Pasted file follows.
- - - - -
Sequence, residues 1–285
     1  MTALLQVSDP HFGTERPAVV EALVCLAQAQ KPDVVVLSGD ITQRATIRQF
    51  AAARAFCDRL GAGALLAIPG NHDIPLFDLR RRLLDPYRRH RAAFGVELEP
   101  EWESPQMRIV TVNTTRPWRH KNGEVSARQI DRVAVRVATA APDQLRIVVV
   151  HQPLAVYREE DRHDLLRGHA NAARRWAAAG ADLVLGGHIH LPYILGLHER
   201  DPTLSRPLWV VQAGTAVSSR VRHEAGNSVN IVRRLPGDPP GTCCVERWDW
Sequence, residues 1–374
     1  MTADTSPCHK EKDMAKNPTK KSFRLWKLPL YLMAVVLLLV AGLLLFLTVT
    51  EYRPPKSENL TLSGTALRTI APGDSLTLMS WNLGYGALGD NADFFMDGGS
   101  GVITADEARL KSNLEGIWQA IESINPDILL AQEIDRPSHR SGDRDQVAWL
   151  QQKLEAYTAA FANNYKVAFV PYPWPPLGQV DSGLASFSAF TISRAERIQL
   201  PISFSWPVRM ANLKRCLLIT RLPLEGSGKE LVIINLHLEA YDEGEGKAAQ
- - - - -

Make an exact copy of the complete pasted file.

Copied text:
Sequence, residues 1–285
     1  MTALLQVSDP HFGTERPAVV EALVCLAQAQ KPDVVVLSGD ITQRATIRQF
    51  AAARAFCDRL GAGALLAIPG NHDIPLFDLR RRLLDPYRRH RAAFGVELEP
   101  EWESPQMRIV TVNTTRPWRH KNGEVSARQI DRVAVRVATA APDQLRIVVV
   151  HQPLAVYREE DRHDLLRGHA NAARRWAAAG ADLVLGGHIH LPYILGLHER
   201  DPTLSRPLWV VQAGTAVSSR VRHEAGNSVN IVRRLPGDPP GTCCVERWDW
Sequence, residues 1–374
     1  MTADTSPCHK EKDMAKNPTK KSFRLWKLPL YLMAVVLLLV AGLLLFLTVT
    51  EYRPPKSENL TLSGTALRTI APGDSLTLMS WNLGYGALGD NADFFMDGGS
   101  GVITADEARL KSNLEGIWQA IESINPDILL AQEIDRPSHR SGDRDQVAWL
   151  QQKLEAYTAA FANNYKVAFV PYPWPPLGQV DSGLASFSAF TISRAERIQL
   201  PISFSWPVRM ANLKRCLLIT RLPLEGSGKE LVIINLHLEA YDEGEGKAAQ